The 10 Most Amazing Churches in the World

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Guys, what does going to Church mean to you? For some, it’s about finding salvation. For others, it’s about finding the most holy way to recover from a Saturday night of partying. As a kid growing up Catholic, it provided me with an opportunity to dream about those delicious donuts that were served in the church basement following Mass. But ignoring the spiritual (and tasty fried dough) side of things, some of the world’s most magnificent churches can be pretty awe-inspiring even if you don’t subscribe to any particular Faith. With that in mind, here are ten churches to put on your bucket list.

 

 

10. Sagrada Familia
This UNESCO Heritage Site located in Barcelona began construction in 1882 and guess what? It still isn’t complete and who knows if it ever will be. It’s huge size and the way in which it was designed means is in constant need of renovation. As a personal note, this writer has been to Barcelona twice and still hasn’t visited this church because it’s actually a little ways off from the center. A lazy excuse, I know.

 

 

9. St. Paul’s Cathedral
Built in the 17th century and located at the highest point in London (thanks to the hill it was built upon), it is the seat of the Bishop of the Church of England. Queen Elizabeth II celebrated her 80th and 90th birthdays there, so it also has that going for it. Keep in mind that it costs £18 (around $24) to enter, although regular worshipers can enter for free. So make sure to say, “Oh! But of course I’m a worshiper, chap! Isn’t it obvious from my fake British accent?”


8. Westminster Abbey
Gang, this place is dope. (I have always wanted to write an article in which I described a church as “dope” and my dream just came true). It was built in the 10th century and is one of the most iconic examples of Gothic architecture. It’s also serves as kind of a cool indoor cemetery as well, as Darwin, Churchill and a whole lot of notable Brits in history are buried here. And if you care to know, Prince William married Kate here.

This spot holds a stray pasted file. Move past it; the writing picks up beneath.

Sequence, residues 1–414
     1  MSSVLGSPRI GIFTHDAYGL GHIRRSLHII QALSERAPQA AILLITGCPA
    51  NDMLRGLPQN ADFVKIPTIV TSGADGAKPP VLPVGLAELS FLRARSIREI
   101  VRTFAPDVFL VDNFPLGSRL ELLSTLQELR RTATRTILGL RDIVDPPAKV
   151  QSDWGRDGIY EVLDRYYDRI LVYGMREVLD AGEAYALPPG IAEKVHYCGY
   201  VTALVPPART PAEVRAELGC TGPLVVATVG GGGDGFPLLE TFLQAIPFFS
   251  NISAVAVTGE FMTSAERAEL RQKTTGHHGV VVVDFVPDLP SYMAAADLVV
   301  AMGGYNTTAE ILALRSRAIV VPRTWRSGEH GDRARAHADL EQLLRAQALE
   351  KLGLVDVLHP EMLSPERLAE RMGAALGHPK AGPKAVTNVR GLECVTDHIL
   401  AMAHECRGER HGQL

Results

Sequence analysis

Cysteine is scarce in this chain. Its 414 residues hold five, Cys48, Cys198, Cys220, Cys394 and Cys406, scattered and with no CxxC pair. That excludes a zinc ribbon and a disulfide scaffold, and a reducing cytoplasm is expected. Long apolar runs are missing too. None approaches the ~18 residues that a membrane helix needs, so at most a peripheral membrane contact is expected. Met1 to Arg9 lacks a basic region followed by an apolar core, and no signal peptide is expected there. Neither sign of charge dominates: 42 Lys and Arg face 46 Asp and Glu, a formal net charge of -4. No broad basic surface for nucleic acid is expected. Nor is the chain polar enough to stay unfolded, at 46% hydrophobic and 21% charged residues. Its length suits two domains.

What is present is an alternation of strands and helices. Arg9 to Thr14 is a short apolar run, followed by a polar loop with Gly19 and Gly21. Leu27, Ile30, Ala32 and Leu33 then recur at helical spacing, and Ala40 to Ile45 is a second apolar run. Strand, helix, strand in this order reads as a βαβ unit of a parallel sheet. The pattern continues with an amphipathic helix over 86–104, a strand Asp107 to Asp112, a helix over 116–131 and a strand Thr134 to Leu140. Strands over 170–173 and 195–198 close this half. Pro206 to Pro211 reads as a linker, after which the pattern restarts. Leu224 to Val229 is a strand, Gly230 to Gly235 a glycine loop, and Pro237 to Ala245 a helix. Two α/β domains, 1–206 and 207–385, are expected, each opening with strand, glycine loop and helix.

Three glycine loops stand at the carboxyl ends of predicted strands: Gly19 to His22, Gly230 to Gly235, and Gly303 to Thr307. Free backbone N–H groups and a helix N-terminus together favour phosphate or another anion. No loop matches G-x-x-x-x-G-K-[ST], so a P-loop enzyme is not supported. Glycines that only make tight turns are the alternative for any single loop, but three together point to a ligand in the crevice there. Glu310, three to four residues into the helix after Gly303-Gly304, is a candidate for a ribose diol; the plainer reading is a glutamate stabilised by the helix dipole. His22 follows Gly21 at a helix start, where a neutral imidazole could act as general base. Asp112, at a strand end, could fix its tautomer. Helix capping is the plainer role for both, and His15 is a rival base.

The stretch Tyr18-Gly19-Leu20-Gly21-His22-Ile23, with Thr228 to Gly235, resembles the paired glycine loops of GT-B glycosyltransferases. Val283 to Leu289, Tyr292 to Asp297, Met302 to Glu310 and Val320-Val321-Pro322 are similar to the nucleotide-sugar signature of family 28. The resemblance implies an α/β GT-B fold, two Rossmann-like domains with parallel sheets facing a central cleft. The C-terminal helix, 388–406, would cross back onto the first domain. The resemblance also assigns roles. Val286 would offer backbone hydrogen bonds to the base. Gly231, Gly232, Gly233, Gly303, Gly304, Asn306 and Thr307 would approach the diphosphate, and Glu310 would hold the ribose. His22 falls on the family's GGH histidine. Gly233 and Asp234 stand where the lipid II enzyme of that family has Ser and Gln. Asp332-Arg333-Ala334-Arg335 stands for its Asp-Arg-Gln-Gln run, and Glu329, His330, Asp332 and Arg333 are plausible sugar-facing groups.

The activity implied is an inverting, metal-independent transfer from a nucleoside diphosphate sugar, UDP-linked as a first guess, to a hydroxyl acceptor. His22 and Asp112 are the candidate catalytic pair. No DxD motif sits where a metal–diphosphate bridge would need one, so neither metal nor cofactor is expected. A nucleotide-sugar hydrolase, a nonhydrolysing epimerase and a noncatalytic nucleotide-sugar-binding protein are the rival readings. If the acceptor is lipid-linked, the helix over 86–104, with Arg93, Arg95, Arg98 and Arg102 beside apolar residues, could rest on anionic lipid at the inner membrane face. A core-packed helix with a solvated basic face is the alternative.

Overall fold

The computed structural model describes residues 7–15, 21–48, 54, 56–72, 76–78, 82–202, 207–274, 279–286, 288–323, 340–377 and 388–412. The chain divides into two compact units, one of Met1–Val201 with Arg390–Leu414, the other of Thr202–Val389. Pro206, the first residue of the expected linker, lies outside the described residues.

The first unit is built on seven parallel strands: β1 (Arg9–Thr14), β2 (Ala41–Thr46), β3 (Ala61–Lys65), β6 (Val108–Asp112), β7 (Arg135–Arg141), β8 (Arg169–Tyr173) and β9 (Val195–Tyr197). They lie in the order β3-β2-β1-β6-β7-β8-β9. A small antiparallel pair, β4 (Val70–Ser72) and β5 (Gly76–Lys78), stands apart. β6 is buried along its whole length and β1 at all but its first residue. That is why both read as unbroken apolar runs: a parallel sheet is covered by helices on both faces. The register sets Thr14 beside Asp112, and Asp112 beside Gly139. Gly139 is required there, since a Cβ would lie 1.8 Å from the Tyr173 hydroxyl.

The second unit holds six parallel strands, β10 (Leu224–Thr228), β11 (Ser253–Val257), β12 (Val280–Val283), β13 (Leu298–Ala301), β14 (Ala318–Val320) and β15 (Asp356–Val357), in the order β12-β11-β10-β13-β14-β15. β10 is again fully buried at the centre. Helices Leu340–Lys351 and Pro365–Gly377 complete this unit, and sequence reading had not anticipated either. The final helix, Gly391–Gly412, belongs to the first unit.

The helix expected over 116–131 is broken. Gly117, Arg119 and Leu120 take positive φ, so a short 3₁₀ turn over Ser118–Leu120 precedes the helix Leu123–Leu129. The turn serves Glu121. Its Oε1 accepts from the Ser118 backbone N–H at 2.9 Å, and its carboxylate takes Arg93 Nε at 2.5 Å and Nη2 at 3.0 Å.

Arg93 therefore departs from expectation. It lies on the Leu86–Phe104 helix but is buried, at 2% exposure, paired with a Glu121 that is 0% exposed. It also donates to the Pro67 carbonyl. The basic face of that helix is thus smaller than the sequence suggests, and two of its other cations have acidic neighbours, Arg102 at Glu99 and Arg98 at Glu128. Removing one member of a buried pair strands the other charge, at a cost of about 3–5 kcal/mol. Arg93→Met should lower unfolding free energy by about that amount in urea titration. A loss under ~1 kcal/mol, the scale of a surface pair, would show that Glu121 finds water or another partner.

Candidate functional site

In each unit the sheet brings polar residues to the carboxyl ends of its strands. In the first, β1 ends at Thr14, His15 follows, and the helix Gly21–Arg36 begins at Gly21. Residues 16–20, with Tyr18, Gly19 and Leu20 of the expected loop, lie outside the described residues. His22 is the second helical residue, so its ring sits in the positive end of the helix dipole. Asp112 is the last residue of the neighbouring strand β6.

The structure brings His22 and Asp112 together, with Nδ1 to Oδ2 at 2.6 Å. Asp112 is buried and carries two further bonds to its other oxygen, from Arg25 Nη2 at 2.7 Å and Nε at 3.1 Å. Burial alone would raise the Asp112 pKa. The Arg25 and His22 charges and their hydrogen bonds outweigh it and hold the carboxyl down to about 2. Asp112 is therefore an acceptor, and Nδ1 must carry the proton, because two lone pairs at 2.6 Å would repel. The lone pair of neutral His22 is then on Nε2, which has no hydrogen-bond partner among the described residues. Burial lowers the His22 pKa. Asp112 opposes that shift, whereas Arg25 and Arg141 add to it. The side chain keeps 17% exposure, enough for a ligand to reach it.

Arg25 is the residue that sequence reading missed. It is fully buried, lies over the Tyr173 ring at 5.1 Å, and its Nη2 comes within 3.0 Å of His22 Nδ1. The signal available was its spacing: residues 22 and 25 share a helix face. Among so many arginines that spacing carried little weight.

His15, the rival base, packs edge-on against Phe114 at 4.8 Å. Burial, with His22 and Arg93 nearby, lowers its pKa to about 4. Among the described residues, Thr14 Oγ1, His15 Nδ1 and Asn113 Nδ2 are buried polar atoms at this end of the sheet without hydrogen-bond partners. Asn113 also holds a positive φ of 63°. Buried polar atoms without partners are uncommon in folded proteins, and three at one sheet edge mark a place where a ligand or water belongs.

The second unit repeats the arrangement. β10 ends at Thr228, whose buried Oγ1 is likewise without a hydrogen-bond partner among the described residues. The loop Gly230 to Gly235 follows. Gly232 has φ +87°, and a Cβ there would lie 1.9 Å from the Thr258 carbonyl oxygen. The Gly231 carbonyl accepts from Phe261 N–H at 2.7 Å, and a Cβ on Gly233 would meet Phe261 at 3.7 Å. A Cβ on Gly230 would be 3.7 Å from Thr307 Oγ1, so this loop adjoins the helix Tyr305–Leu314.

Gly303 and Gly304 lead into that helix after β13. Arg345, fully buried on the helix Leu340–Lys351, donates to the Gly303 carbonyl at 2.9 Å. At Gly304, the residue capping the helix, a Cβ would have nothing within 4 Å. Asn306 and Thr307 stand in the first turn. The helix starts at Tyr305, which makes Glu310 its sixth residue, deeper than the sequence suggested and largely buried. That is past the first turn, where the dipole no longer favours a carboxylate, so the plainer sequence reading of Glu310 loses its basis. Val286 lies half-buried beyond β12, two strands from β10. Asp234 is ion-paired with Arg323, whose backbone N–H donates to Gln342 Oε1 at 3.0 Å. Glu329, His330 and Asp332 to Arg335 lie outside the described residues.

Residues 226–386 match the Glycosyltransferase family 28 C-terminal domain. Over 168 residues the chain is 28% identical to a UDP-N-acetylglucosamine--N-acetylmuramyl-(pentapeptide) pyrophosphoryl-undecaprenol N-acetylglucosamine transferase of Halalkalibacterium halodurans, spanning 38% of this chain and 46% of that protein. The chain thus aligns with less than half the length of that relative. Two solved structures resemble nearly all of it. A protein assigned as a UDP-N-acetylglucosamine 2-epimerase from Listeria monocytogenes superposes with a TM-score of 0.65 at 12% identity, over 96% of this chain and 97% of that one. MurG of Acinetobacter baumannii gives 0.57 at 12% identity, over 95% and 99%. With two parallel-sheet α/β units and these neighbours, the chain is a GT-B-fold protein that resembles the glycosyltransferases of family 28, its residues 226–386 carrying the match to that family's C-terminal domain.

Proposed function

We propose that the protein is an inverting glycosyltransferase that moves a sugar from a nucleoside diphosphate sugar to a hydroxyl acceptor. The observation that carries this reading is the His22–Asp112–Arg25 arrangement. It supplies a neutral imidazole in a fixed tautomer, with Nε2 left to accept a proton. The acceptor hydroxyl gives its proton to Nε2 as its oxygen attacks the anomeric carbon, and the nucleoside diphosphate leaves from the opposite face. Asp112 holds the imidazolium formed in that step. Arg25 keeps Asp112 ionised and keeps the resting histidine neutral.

7. Church of the Nativity
This basilica, where God’s Son Himself was said to have been born, is located Palestinian-controlled Bethlehem. Due to the ongoing conflict in the region, it’s not regarded as the safest tourist destination. But if you believe in divine protection, by all means book that flight to the West Bank!


6. St. Mark’s Basilica
Fan of Byzantine architecture, are you? Well, who isn’t!!! This church in Venice was originally commissioned in 823, although the current rebuilt version “only” dates back to 1650. If you intend to make your way to Venice, Piazza San Marco, where the church is located, it is actually a pretty happening place.

 

 

5. Hagia Sophia
If you’re looking for a church that is suffering from a centuries’ old identity crisis, Hagia Sophia is the place for you. Construction started in 537 and it took more than 900 years to complete. It began as an Eastern Orthodox cathedral, though for a few decades in the 1200s it was converted into a Roman Catholic church, before the Ottomans converted it into a mosque in the 15th century until 1935 when it was turned into the secular museum that it remains today. Whew!


4. Church of Resurrection
Located on the site in Jerusalem’s Old City where many believe Jesus was crucified and then resurrected, this church was built by the world’s first generation of Christians back in the 300s. Consequently, it is also one of the holiest sites for Christians, Muslims and Jews.


3. St. Peter’s Basilica
Gee, you would think that the largest church in the world (and one designed by Michelangelo, no less) would top this list, but no. Our standards are that high, folks. Located in the Vatican, the seat of Papal power, it has the world’s largest dome and is one of the most popular tourist destinations in the world. But don’t let the t-word scare you away. St. Peter’s really is worth your time.

 

 

2. St. Basil’s Cathedral
Avoiding politics and stereotypes about the country being full of vodka swilling bears, what comes to mind when you think of Russia. How about that church on Red Square with the super colorful architecture? Built by Ivan the Terrible in 1561, St. Basil’s is featured in pretty much every Western-made movie whenever it includes scenes of Moscow.


1. Notre Dame Cathedral
Guys, the fact that Notre Dame ranked #1 is not evidence of bias against Alabama or Ohio State. I can’t even stand the football team. Lame joke aside, we’re talking about the famous cathedral in Paris, which took a full century to build, finally being completed in 1345. There is simply no comparison. It’s got the columns, spires and statuary that make it truly a medieval marvel to behold. No wonder Parisians are so snooty.

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